When Everyday People Want to Make a Difference

When Debbie Chaves showed up to her first precinct caucus with her husband, there were five people in attendance. Total. Held in a grade school classroom with a tiny American flag in the back, the meeting didn’t feel very patriotic. And yet, as Debbie soon realized, these five people held the power to select the delegates who would represent the voices of thousands.

Moreover, Debbie quickly realized that two of the five people at the caucus that night didn’t even want to be there. So when she and her husband were elected as the two precinct delegates to represent their party at the county level, it was just one more unexpected twist.

Debbie had no intention of getting involved in what she saw as the messy world of politics. After all, she was a Colorado stay-at-home mom who spent much of her time home-schooling her children. It was actually through her kids’ schoolwork that Debbie first learned about America’s Judeo-Christian foundations.

“I honestly did not know that we had a nation that was founded on godly principles,” she says.

The more Debbie learned, the more she recognized how far the country had fallen from those initial ideals. No longer satisfied with simply gathering information, Debbie wanted to do something. She wanted to help turn the country around somehow, but what could a busy mom with no political experience really do?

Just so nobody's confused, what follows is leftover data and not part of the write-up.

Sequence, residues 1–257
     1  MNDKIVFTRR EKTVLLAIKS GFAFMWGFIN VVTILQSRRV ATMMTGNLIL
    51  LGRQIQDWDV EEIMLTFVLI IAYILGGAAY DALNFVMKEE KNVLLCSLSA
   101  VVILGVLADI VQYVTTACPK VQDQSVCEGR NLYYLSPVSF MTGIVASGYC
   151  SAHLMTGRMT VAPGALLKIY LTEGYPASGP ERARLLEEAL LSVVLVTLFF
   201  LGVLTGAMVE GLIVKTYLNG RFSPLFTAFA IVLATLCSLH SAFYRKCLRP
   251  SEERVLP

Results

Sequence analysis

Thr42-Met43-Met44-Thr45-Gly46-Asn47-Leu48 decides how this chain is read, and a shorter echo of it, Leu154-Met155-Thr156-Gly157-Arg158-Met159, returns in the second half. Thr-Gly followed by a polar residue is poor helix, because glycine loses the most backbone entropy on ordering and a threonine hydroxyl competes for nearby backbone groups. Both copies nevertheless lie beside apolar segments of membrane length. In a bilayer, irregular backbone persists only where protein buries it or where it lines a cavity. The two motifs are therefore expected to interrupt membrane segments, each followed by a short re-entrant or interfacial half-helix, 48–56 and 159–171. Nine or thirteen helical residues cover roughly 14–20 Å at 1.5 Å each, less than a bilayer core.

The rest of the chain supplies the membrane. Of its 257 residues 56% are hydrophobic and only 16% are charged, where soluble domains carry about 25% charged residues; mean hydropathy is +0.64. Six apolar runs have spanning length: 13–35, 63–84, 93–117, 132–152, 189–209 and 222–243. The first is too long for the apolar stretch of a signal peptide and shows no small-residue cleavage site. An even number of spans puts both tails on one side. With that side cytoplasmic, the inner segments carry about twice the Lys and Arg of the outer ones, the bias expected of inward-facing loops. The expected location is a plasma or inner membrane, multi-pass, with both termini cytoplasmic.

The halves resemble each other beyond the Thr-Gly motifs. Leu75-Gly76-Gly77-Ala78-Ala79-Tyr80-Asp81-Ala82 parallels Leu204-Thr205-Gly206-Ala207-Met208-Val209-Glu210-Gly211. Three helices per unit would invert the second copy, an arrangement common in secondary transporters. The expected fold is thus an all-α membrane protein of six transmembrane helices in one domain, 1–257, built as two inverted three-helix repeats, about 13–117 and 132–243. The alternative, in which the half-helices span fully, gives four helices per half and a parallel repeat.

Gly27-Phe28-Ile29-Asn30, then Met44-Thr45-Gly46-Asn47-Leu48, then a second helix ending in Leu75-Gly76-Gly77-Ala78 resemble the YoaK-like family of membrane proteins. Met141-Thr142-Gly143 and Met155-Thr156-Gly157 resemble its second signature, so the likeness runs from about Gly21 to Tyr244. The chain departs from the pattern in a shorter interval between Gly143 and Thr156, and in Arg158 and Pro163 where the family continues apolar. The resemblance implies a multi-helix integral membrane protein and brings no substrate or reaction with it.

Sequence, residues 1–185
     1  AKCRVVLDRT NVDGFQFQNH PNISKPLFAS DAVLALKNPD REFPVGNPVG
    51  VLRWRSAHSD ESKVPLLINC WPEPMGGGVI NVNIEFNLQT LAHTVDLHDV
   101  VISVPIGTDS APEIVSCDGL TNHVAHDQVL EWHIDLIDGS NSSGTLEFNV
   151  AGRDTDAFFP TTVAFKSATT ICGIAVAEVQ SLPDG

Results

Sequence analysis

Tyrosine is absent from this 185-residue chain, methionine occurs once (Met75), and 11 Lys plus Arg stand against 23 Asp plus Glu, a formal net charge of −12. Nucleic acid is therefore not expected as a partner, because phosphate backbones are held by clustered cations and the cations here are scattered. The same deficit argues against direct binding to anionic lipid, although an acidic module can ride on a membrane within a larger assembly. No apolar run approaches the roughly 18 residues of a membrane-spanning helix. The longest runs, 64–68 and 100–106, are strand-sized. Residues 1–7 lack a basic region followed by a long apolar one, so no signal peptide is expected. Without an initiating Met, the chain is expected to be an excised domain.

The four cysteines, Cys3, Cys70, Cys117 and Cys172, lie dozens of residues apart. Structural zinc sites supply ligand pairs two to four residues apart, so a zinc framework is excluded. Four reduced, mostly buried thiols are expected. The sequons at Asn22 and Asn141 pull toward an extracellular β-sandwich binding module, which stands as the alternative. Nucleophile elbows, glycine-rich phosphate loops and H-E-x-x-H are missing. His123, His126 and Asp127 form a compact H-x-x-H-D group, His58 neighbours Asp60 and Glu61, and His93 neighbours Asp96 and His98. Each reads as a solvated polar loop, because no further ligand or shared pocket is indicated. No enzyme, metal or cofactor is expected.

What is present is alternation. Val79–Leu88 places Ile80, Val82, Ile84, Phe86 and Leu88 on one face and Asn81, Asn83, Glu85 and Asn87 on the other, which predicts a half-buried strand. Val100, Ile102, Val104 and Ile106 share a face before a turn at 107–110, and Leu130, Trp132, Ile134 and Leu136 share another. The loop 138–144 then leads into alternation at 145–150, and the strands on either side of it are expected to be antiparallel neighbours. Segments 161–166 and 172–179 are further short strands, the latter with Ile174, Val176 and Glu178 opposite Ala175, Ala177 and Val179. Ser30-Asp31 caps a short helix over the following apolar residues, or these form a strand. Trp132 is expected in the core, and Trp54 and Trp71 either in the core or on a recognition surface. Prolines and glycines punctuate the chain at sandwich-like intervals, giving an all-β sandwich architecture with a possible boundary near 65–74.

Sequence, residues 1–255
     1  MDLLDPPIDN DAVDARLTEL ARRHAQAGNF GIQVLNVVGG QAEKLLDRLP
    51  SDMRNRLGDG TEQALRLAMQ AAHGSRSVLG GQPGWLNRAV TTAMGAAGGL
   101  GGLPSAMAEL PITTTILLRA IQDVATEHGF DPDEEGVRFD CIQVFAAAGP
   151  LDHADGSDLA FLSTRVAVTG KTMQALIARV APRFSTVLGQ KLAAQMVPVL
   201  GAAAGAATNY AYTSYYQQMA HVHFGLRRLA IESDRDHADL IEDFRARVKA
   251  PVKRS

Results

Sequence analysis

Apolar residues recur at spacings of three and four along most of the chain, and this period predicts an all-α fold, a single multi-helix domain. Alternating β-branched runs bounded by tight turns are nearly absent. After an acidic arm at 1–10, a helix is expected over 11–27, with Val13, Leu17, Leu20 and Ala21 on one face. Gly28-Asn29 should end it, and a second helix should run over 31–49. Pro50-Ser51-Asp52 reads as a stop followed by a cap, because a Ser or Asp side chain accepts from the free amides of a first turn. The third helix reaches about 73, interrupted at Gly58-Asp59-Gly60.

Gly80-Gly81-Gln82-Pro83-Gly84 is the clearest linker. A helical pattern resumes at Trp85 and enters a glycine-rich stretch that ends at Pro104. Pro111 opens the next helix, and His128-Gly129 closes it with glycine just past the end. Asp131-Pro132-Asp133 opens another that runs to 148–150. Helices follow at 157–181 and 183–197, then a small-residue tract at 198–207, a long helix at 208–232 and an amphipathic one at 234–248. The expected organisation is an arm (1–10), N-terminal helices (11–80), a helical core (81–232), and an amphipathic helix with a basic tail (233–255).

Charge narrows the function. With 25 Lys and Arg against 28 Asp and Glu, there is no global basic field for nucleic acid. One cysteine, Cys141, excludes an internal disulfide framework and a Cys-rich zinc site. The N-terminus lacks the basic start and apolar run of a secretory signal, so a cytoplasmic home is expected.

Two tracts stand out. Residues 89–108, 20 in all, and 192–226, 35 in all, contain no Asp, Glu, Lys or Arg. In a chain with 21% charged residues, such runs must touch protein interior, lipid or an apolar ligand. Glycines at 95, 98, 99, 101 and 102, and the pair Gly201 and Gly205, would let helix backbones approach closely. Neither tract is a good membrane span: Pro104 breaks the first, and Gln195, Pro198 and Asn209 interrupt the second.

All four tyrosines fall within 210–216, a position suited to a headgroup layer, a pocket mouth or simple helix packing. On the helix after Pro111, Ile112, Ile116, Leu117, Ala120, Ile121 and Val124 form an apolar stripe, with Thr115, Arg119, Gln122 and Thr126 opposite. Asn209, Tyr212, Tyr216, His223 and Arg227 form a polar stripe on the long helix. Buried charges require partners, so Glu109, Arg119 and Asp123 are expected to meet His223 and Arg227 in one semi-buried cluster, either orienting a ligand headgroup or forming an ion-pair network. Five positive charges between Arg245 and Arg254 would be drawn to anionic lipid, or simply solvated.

Baby steps

After becoming a precinct delegate,
Debbie continued to get more involved in her political party. She began helping pastors around Colorado equip their congregants to effectively participate in the political process. She spent hours vetting various candidates, all on a volunteer basis.

“I learned by trial and error,” Debbie says. “I took baby steps, but God met me at every one.”

Her work soon had others taking notice. Debbie received a call from a Focus on the Family-affiliated organization dedicated to promoting pro-family legislation. The organization, known as the Family Policy Alliance, accomplishes this by working with a network of about 40 state-level organizations, known as Family Policy Councils (FPCs).

Debbie came on board with the Colorado affiliate, and since 2014 has served as the executive director of Colorado Family Action. And it all began with a busy home-schooling mom’s simple prayer for a platform to influence culture and policy.

“This is our responsibility,” she says. “That’s what a government of the people, by the people, for the people is. It’s us. We tend to cast a vote and think our job is done. That’s actually when our job begins.”

Called to be a light

Like Debbie, Eva Andrade never really followed politics. And like Debbie, Eva was a busy mom who felt compelled to make a difference in her community. One motivating factor was Scripture—James 1:27 in particular: “Religion that God our Father accepts as pure and faultless
is this: to look after orphans and widows in their distress” (NIV).

One of the ways Christians can fulfill that instruction to care for others is through activism and political engagement. Whether championing the sanctity of human life, fighting for religious freedom or highlighting how the shifting views of sexuality
impact education and public life, ordinary citizens are learning to speak up and get involved.

Eva realized the impact that bad laws can have upon society—particularly on preborn babies. And while some Christians argue that politics
should be left to others, since it seems too “worldly,” Eva disagrees.